IN THE LINE OF FIRE
Hands down, the equator's most difficult sport is sepak takraw, a Southeast Asian game that combines soccer and volleyball. Teams of three players try to keep a rattan ball airborne by heading, legging or kicking it over a five-foot-high net. No part of the arm—from shoulder to fingertip—may be used.
Hands down, the equator's roughest sport is an unarmed contest called sisemba, which is popular on the Indonesian island province of Sulawesi. Played just below the equator in the precinct of Tanatoraja, sisemba is a more genteel version of Thai boxing. Hands are taboo, so you kick your opponent until he cries "Uncle!" (or the Toraja equivalent). Sisemba is a distant (but never distant enough) cousin of sibamba, a local "club sport" in which contestants use bull-hide shields to fend off truncheon blows. The combat in sisemba is more benign, though things can get a little out of hand when villages of 200 or more face off. This may be why these fights are staged around the time of the summer rice harvest...which also happens to be the most popular time for funerals.
THE PSYCHIC HOT LINE
Not since that misty morning at St. Andrews when the Amazing Kreskin bent a spoon (and a mashie-niblick) with his mind has the line between the normal and paranormal been crossed in sports. That is until pencak silat—a free-form discipline that is part martial arts, part Uri Geller—came along. Pencak silat is a mind-over-matter Indonesian game that might confound even Penn and Teller. "Everything has a spirit, even the equator," says Oyong Karmayuda, secretary-general of the International Pencak Silat Federation. "You get a power from the equator line, a supernatural power. And that may be where tenaga dalam, the inner force of pencak silat, comes from."
That inner force supposedly radiates from the solar plexus of silat practitioners. A bapak (master) can generate enough of this power to smash a coconut or a stack of five bricks with a single blow of his forearm. Karmayuda claims that a true bapak can shoot arrows through targets while blindfolded, chew glass and swallow razor blades. "One fellow even cut off his tongue, held it out for display and then stuck it back in his mouth with no ill effects," he says. "Actually, we never intended to promote that ability"
Based on the fighting styles of the Menangkabau people of Sumatra, silat evolved as a training method for self-defense. The 13,500 islands that make up Indonesia now boast more than 800 styles, many of which are modeled after the movements of animals. Madju kakikiri harimau means "taking a tigerlike stance." Lompat sikap naga translates as "jumping in dragon style." And the slightly misleading lompat putri bersidia stands for "jumping like a princess and standing near." Our advice: Whenever you see a jumping silat princess, get out of the way.
In Java, under the Madjapahit kings of the 13th through 16th centuries, a wide array of weapons was added to the silat mix. Among them were the kris, the parang and the tjabang—blades that bear an uncomfortable resemblance to the nightmarish gynecological instruments in the film Dead Ringers. During the 350 years of Dutch rule of the area, silat was banned and had to be practiced in secret. In 1948, three years after Indonesia won independence, a national silat federation was formed. Thirty years later, silat turned from a spiritual discipline for attaining self-perfection into a weaponless sport akin to judo. Today matches are brief and brutal, with "silatters" slung forcefully to the mat or pinioned to it.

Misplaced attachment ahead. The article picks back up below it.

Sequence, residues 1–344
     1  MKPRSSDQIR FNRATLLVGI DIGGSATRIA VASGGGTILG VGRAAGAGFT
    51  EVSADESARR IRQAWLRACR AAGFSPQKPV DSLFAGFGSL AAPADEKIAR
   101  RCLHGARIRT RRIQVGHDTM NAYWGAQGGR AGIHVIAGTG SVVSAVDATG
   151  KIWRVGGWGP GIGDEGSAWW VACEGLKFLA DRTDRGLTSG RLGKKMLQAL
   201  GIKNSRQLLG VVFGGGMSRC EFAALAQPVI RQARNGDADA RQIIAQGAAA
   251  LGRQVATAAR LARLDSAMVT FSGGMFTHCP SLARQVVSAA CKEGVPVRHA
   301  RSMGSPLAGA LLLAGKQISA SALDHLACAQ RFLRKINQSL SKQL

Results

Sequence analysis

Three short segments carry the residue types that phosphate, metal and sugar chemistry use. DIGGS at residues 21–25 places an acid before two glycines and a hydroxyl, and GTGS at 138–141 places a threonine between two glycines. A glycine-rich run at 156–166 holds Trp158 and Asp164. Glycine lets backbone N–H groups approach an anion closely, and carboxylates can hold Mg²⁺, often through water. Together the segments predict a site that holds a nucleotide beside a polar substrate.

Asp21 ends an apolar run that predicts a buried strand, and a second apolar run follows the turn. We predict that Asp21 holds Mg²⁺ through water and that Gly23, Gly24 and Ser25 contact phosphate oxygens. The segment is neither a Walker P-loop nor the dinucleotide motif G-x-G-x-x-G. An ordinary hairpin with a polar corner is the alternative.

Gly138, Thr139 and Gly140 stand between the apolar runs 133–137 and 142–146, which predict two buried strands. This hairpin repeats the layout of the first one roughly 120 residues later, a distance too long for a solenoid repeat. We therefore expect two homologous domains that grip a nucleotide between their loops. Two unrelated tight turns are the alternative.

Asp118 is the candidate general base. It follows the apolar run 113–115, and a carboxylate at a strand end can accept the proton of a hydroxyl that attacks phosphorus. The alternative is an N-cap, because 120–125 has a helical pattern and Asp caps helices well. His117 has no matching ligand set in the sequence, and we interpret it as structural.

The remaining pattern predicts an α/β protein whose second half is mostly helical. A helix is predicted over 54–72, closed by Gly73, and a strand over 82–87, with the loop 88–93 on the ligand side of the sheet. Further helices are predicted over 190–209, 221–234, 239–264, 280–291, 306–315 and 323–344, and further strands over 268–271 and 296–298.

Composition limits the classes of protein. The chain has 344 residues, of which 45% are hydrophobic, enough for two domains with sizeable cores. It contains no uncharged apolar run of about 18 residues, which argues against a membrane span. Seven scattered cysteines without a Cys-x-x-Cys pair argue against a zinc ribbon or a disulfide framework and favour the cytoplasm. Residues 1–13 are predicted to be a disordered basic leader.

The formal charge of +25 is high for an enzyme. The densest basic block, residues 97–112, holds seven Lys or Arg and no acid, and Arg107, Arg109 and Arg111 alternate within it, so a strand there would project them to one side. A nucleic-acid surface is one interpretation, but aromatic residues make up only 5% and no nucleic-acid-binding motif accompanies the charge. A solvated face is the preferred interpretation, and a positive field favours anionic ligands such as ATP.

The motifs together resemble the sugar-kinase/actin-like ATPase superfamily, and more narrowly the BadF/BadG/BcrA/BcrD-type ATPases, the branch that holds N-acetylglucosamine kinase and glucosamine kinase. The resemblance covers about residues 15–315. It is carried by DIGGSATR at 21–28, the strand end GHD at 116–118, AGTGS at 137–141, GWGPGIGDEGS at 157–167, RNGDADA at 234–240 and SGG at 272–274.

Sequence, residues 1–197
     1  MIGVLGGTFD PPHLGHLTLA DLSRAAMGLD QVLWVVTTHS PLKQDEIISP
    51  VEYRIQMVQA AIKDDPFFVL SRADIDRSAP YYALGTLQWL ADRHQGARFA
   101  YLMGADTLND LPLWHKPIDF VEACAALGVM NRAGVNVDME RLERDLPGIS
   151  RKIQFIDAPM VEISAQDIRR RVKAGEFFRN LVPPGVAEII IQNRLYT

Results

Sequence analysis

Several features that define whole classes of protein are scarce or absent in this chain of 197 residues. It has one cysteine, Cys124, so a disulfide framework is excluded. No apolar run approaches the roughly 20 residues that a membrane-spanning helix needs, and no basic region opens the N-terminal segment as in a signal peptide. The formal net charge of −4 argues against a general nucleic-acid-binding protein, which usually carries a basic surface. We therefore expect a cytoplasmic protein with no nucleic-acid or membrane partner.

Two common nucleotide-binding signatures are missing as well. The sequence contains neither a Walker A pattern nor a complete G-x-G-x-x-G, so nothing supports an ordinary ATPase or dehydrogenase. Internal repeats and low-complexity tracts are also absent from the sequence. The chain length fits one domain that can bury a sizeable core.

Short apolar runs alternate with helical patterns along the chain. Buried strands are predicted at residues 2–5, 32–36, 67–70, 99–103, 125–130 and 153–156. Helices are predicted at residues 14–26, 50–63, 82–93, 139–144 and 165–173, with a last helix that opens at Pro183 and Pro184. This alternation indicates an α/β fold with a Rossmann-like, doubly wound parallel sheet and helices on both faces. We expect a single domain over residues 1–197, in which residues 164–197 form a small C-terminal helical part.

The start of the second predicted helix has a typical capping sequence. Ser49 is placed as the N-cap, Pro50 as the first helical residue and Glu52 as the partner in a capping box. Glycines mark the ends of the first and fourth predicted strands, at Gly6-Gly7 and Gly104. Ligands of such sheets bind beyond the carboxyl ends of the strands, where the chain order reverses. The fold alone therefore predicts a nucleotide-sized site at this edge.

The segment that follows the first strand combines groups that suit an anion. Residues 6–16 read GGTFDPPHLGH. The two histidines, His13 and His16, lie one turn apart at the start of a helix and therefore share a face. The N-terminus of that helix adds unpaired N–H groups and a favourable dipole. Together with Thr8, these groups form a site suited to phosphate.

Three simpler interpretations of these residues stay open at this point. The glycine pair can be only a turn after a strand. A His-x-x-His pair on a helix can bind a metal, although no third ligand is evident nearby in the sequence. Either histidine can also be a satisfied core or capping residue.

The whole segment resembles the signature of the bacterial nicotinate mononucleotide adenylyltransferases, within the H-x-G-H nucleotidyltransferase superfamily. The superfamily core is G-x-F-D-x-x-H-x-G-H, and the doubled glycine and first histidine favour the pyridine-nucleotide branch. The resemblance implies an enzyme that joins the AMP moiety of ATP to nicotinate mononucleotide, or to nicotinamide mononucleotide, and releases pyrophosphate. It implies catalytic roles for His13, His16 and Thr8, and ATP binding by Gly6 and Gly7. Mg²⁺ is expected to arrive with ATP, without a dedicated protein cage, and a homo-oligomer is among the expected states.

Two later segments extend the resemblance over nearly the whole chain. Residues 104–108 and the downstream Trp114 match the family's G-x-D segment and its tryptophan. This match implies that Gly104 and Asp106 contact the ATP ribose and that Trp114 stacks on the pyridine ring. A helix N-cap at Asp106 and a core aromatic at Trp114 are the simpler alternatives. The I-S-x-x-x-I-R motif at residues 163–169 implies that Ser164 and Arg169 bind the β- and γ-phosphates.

"Physical strength means little," says Karmayuda. "You win with speed, technique and concentration sharpened by the inner force." The beam of the inner force is not just trained on Indonesia. Competitors from 45 countries, including Turkey, Spain, the Netherlands, Vietnam and the United States, participate in silat's biannual world championships, but the inner sanctum of the inner force remains the Ikatan Pencak Silat center in Jakarta. Near the entrance of this broad, imposing stone structure is a stone pit in which silat techniques are demonstrated to visitors. Down in that pit, a bapak repeatedly smashes an aluminum softball bat into the stomach of a trainee. The trainee doesn't flinch. A second trainee slices through a half-inch-thick steel rod with a single sheet of rolled-up newspaper. The eyes of a third trainee are taped shut. A blindfold is pulled over the tape. Then a second blindfold, and a shroud. The optically challenged trainee then whirls around and gracefully prances through an obstacle course without touching any of the concrete columns strewn in his path. "His inner force felt the objects' vibrations," explains Eddie Nalapraya, a federation official. "I'd like to figure out how to open bank safes with vibrations."
Later that day, on the banks of a nearby pond, a 69-year-old bapak named Ibrahim Adie sits with his back turned to five silat disciples. He wears a polo shirt, jeans and a red felt cap called a kofiah, but no shoes. On cue, the disciples rush him. When they are just a few feet away, Adie claps his hands, and the attackers are abruptly flung backward with the exaggerated flourish of Keystone Kops. They writhe on the ground, clutching their bellies until Adie waves off the force field with his hand.